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  5. "Prego, arrivederci."

"Prego, arrivederci."

Translation:You are welcome, goodbye.

April 22, 2017



In my favorite Italian restaurant, very nice place, they are always very polite and when the waiter helps me into the coat when i'm leaving he says: Prego, arrivederci - which i always considered to mean: Thank you, good bye or you are welcome, good bye. Sounds perfect to me.


As this is meant to be formal shouldn't it be 'arrivederla'?


I was wondering the same thing, even it I got the answer correct...


I wrote, "You are welcome, good bye," but the answer was given as "There you go, goodbye" I've never see an idiom in Italian for "There you go." Comments?


Only to say, for the benefit of any Italians, 'there you go (again)' has completely different connotations (at least in the UK).


'Please, goodbye' is such a stupid thing to say. ('Not at all, goodbye' is accepted.)


My answer was "You are welcome, good bye" and was told it should have been "There you go, goodbye", but....when you get to the discussion forum, the answer is stated as "you are welcome, goodbye". Why does this have to be so confusing. There you go, sounds very odd.


Arrivederci derives from a-ri-vederci, which in fact should be translated as “see you again” or ...later” or “see you”, as I answered.


'There you go, bye'! In an exercise in formality! Once again, Duolingo is having a laugh.


'See you again' is the meaning of 'arrivederci' and it has been accepted so far, I believe it should be here as well. I believe it is a good idea to report it, any comments?


"There you go. Goodbye " is hardly good English and certainly does not fit in with formal usage.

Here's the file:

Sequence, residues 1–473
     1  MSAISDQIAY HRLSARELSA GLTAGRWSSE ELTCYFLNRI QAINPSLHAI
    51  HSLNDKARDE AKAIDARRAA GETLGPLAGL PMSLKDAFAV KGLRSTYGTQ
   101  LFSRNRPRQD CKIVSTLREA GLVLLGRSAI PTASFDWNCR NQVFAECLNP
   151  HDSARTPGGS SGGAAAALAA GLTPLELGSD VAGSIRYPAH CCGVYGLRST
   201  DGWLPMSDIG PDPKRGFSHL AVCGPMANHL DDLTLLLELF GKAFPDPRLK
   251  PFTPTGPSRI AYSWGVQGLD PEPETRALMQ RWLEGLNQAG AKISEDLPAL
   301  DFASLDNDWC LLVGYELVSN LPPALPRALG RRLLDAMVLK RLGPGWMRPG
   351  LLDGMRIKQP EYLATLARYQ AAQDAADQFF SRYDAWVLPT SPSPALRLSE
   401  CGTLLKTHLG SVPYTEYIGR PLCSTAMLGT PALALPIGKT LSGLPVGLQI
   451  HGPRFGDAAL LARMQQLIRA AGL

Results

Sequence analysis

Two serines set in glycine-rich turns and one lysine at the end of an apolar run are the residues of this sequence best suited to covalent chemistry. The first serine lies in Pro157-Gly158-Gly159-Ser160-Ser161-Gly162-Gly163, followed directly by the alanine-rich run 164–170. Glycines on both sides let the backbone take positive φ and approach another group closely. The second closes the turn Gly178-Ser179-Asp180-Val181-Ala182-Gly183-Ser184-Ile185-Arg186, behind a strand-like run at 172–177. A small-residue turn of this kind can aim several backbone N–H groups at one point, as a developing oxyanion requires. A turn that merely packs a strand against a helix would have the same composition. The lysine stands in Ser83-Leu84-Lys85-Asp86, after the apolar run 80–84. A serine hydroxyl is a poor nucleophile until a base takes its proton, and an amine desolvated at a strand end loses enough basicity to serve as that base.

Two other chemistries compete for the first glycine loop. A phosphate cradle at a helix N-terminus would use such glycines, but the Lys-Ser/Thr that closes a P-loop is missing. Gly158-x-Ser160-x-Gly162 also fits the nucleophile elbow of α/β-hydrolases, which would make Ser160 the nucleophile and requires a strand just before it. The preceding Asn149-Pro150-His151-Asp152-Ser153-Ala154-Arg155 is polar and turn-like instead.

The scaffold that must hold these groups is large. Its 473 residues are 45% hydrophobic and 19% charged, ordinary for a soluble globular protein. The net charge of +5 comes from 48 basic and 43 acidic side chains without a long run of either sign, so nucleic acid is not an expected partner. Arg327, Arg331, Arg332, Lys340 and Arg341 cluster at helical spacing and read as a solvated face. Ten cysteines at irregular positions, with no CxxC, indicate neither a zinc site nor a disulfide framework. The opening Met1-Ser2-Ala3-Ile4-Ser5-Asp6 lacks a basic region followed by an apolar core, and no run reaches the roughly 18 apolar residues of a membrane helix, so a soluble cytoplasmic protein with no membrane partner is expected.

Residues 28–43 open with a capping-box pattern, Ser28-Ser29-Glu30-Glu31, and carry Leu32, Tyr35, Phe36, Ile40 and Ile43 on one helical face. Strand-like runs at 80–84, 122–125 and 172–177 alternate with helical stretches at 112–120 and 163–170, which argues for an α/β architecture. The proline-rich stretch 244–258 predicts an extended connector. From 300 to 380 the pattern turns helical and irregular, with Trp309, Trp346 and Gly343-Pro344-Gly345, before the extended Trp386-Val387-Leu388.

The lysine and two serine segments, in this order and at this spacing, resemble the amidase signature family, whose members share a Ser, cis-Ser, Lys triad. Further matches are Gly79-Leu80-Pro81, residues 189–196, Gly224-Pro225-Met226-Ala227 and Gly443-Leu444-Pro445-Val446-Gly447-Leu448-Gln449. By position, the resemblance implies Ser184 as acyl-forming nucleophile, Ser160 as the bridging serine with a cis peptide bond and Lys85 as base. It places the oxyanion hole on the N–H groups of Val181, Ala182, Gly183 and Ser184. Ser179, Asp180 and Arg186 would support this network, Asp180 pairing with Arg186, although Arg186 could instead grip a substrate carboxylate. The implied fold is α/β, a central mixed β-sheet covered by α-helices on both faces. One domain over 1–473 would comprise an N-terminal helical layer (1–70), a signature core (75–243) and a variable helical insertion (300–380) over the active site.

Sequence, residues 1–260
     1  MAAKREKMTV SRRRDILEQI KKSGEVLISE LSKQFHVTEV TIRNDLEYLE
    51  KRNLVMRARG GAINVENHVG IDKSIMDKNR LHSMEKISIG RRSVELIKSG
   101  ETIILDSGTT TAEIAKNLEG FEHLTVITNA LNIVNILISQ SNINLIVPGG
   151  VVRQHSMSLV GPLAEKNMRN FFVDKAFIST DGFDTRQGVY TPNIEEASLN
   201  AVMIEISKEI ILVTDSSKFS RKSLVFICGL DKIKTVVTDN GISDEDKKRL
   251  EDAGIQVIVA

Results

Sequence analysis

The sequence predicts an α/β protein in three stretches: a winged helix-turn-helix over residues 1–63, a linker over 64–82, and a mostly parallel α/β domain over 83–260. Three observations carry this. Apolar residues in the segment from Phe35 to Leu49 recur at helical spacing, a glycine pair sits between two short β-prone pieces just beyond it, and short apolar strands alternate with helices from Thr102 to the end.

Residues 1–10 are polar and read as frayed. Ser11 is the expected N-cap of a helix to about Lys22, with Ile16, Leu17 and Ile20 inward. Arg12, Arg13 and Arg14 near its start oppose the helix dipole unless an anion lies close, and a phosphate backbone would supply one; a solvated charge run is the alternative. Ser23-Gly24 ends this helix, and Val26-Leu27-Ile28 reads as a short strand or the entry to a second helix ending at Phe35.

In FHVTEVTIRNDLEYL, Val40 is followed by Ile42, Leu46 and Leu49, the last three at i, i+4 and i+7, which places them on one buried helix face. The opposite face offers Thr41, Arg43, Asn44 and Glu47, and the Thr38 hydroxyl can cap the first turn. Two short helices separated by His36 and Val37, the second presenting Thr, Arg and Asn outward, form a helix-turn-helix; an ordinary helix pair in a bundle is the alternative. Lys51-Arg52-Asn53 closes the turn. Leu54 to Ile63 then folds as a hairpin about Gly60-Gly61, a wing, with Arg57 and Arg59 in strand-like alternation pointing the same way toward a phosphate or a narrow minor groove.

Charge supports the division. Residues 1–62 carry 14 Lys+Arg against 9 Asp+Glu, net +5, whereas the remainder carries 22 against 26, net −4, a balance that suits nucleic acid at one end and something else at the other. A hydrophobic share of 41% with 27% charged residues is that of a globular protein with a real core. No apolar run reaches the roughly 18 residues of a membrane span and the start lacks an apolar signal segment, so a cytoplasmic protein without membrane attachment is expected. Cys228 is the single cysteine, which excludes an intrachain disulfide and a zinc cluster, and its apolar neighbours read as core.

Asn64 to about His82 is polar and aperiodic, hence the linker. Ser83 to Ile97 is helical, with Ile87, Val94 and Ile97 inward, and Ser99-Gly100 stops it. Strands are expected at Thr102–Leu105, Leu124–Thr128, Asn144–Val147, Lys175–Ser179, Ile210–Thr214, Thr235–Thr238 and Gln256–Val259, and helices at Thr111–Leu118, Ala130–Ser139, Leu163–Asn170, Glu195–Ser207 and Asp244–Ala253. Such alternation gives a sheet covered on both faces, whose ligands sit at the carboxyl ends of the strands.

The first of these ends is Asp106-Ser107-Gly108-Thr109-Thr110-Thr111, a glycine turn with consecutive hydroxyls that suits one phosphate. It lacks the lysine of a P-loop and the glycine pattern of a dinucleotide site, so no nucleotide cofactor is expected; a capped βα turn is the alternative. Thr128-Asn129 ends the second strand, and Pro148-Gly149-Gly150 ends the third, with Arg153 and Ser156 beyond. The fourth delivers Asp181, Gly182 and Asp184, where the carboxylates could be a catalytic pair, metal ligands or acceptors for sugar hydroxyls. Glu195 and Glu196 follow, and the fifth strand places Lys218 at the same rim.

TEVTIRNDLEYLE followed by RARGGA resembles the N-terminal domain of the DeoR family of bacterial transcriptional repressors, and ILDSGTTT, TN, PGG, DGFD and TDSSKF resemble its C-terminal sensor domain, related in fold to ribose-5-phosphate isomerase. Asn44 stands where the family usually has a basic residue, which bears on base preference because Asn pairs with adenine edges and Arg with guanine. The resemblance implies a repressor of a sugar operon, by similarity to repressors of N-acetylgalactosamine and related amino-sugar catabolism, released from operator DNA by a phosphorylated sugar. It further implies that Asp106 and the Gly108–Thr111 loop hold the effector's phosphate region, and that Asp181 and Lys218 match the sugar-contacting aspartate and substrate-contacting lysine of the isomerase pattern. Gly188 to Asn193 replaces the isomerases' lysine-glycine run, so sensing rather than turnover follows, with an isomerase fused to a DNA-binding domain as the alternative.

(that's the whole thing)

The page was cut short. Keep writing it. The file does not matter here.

'There you go' is rather insolent in a formal context, and therefore a bad English translation.


Both 'there you go' and 'you're welcome' are destable utterances, redolent of condescension. We are in an area of idioms and cultural practices which don't translate well.


I wrote "you're welcome, bye" and it was considered wrong lol


Thing is "arrivederci" is a formal (the most formal actually) greeting for when you leave.

I'd render it as "Good day to you sir" or at least "have a good day sir".

Then again it's cultural and depends on the context and I can see how it's hard to render formality in just a word.

Just remember you must use the "Lei" formal you with this greeting or it will just sound awkward.


As an Ausssie, I thought I'd try 'No worries, bye' and was accepted!


"There you go, bye." Seriously? Hardly formal, or normal, English.


I think in most situations the English idiom would be, "I hope to see you again," or "Please come again."


I wrote this. It was marked wrong! Confusing to say the least.


I was not allowed "you're welcome" instead of "you are welcome"


Your answer is correct; it ought to have been accepted. I would suggest that you report it.


In England we say "bye" mostly instead of "goodbye “

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